The sites of origin of all 40 VTs are shown in Figure 1⇑. Of the 35 VTs originating from the RVOT, 8 were classified as of free-wall origin, 27 of septal, 23 of left, 12 of right, 22 of proximal, and 13 of distal origin. The QRS wave morphology during pacing at the successful ablation site was in almost complete agreement with the wave morphology during VT or PVC in all patients (mean matching score in 12-lead ECG: 11.5/12). Of the 5 VT originating from the LVOT, the identified origin was the LVOT close to the left coronary cusp in 3 VT and the LVOT close to the right coronary cusp in 2 VT. All VT showed left bundle-branch block and inferior-axis morphology on the 12-lead ECG.
Characteristics of BSM of PVCs Originating from RVOT
The origin of 26 PVCs during which BSM was recorded was as follows: 7 PVC, the free-wall side; 19 PVC, the septal side; 16 PVC, the left side; 10 PVC, the right side; 18 PVC, the proximal side; and 8 PVC, the distal side.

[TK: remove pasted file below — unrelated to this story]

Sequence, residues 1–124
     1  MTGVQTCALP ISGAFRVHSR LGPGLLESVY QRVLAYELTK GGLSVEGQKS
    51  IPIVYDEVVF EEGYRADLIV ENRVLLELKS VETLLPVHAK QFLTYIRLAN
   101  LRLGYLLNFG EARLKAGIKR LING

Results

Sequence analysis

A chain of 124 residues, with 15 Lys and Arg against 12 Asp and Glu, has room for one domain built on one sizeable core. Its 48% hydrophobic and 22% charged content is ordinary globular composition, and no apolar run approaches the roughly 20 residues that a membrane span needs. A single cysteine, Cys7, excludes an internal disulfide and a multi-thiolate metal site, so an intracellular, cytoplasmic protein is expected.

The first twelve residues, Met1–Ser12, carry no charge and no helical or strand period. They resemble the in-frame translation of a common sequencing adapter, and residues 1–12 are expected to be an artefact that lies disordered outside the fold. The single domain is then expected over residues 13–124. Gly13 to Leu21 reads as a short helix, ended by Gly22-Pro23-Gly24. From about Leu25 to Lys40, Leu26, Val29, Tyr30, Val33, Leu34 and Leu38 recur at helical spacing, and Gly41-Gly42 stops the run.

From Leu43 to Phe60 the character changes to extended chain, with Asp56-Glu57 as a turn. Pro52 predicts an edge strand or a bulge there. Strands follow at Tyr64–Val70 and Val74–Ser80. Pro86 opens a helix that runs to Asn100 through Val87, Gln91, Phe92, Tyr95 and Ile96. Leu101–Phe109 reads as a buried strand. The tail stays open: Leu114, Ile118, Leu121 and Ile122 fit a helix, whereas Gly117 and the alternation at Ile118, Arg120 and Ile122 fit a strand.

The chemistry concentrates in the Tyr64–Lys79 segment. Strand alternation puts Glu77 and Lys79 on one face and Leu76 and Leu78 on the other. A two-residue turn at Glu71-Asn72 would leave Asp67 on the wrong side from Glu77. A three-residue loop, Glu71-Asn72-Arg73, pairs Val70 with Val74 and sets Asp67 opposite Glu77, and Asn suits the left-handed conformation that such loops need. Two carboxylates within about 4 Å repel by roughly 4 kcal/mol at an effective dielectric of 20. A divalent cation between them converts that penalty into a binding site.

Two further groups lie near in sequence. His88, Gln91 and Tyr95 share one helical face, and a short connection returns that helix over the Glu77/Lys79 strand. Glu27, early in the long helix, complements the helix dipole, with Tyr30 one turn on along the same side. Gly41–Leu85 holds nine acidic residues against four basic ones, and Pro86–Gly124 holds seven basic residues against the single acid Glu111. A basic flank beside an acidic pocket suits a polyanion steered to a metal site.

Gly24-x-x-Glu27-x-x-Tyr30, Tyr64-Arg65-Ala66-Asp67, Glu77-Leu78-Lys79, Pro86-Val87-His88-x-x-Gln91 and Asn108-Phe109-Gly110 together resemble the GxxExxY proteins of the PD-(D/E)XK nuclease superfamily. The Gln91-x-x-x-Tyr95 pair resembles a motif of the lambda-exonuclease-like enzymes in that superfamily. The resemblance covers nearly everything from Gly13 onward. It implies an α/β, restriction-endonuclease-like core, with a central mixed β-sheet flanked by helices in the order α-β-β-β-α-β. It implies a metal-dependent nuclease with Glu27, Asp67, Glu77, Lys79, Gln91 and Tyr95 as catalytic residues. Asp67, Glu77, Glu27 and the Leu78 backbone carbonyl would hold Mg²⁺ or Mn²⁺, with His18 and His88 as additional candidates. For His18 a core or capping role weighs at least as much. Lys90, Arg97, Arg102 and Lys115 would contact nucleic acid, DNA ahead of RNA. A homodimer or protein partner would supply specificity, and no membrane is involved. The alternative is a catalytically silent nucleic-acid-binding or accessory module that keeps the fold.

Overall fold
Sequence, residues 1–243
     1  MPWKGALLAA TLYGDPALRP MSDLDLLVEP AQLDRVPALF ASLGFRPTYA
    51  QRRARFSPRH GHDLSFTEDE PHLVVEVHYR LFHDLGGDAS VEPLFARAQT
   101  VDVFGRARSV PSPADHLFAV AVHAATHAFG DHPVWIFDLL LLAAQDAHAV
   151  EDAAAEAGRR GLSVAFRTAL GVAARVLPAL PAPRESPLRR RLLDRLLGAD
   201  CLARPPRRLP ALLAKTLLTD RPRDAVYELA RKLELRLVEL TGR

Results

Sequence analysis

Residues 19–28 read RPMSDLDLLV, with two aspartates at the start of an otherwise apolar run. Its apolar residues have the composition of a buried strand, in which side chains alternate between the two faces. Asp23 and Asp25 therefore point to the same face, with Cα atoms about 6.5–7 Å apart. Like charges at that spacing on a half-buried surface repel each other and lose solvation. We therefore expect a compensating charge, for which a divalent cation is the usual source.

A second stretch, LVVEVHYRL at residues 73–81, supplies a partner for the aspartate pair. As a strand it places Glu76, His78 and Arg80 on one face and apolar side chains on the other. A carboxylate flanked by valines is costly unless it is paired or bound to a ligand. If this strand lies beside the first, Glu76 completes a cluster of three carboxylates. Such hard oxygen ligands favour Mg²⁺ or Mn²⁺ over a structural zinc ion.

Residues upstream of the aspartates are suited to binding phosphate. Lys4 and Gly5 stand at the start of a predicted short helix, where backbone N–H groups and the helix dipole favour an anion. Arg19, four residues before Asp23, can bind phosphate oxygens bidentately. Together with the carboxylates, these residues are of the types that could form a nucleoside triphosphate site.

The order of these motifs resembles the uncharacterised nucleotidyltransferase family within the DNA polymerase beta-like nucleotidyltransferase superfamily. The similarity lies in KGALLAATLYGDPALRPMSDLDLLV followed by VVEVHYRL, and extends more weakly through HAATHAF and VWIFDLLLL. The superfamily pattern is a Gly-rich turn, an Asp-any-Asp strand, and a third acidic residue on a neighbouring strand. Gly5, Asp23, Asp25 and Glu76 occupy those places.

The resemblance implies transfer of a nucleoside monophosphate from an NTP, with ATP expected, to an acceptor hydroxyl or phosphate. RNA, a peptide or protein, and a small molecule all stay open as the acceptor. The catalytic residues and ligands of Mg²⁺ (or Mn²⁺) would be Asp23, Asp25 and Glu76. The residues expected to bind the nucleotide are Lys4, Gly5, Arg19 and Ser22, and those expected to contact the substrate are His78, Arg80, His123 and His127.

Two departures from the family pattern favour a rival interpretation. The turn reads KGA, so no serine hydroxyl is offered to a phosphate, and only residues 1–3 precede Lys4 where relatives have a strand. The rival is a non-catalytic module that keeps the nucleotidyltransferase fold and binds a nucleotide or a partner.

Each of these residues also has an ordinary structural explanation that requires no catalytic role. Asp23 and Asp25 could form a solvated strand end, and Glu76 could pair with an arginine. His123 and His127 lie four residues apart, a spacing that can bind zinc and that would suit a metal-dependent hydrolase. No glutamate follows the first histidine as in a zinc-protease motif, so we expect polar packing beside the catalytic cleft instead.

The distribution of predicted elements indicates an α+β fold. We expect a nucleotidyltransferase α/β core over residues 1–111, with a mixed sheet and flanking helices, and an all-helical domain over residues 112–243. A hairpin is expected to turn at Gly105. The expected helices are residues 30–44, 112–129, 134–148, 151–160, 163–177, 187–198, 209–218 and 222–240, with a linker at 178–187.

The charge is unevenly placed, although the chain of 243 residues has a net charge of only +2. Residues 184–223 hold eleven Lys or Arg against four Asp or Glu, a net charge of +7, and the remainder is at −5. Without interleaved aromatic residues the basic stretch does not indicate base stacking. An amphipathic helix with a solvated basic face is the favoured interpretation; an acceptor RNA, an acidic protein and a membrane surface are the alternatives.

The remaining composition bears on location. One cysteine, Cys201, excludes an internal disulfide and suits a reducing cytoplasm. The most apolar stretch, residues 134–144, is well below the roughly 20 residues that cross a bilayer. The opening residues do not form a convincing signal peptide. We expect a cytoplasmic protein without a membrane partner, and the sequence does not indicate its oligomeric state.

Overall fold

The following tendencies were noted on the isopotential maps. Briefly, the minimum potential appeared on the superior chest within 20 ms from QRS onset, remained on E7 or F7 between 10 and 60 ms, moved slightly downward at the mid QRS (EF5, 6), and stayed there until the QRS end. The isopotential distribution remained negative in the superior chest and back, whereas positive potentials were noted in the inferior area during the early-to-end QRS period.
The location of the minimum at the early-to-mid QRS period was useful for the differentiation of the anterior and posterior areas of the RVOT. In 5 of the 7 PVCs of free-wall origin, the minimum was fixed on the median line of the anterior chest (E line) or temporarily moved rightward, whereas in 18 of 19 PVCs of septal origin, the minimum first appeared on the median line at the early QRS, moved leftward (F line), and remained there or returned to the median line in the mid-QRS period (Figure 2⇓).
The potential distribution in the superior area of the left anterior chest after 30 ms in the early QRS period was useful for the distinction between the right and left sides of RVOT. In all PVCs of left-side origin, the superior area of the left anterior chest (F-J, 6, 7) was successively negative, whereas in 8 of the 10 PVCs of right-side origin, the same area was occupied by positive potential, although transiently (Figure 3⇓).